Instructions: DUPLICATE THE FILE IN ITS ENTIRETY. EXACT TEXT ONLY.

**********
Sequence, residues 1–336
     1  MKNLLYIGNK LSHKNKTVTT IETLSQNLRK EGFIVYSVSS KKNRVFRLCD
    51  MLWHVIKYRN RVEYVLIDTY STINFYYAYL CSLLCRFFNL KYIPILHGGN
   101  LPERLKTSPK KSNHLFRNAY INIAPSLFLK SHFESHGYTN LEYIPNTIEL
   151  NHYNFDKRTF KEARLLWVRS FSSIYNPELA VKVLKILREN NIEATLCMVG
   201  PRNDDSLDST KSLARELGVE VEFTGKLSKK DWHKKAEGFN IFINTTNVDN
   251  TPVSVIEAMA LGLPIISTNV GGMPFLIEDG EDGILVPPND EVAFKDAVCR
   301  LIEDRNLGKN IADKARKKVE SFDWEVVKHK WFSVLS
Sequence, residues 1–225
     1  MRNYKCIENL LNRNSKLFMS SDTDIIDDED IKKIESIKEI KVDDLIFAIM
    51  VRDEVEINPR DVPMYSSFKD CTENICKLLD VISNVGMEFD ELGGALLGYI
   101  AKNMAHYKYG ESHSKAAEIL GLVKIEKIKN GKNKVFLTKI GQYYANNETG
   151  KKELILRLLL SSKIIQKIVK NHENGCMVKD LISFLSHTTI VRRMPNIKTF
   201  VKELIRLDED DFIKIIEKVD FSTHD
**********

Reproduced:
Sequence, residues 1–336
     1  MKNLLYIGNK LSHKNKTVTT IETLSQNLRK EGFIVYSVSS KKNRVFRLCD
    51  MLWHVIKYRN RVEYVLIDTY STINFYYAYL CSLLCRFFNL KYIPILHGGN
   101  LPERLKTSPK KSNHLFRNAY INIAPSLFLK SHFESHGYTN LEYIPNTIEL
   151  NHYNFDKRTF KEARLLWVRS FSSIYNPELA VKVLKILREN NIEATLCMVG
   201  PRNDDSLDST KSLARELGVE VEFTGKLSKK DWHKKAEGFN IFINTTNVDN
   251  TPVSVIEAMA LGLPIISTNV GGMPFLIEDG EDGILVPPND EVAFKDAVCR
   301  LIEDRNLGKN IADKARKKVE SFDWEVVKHK WFSVLS
Sequence, residues 1–225
     1  MRNYKCIENL LNRNSKLFMS SDTDIIDDED IKKIESIKEI KVDDLIFAIM
    51  VRDEVEINPR DVPMYSSFKD CTENICKLLD VISNVGMEFD ELGGALLGYI
   101  AKNMAHYKYG ESHSKAAEIL GLVKIEKIKN GKNKVFLTKI GQYYANNETG
   151  KKELILRLLL SSKIIQKIVK NHENGCMVKD LISFLSHTTI VRRMPNIKTF
   201  VKELIRLDED DFIKIIEKVD FSTHD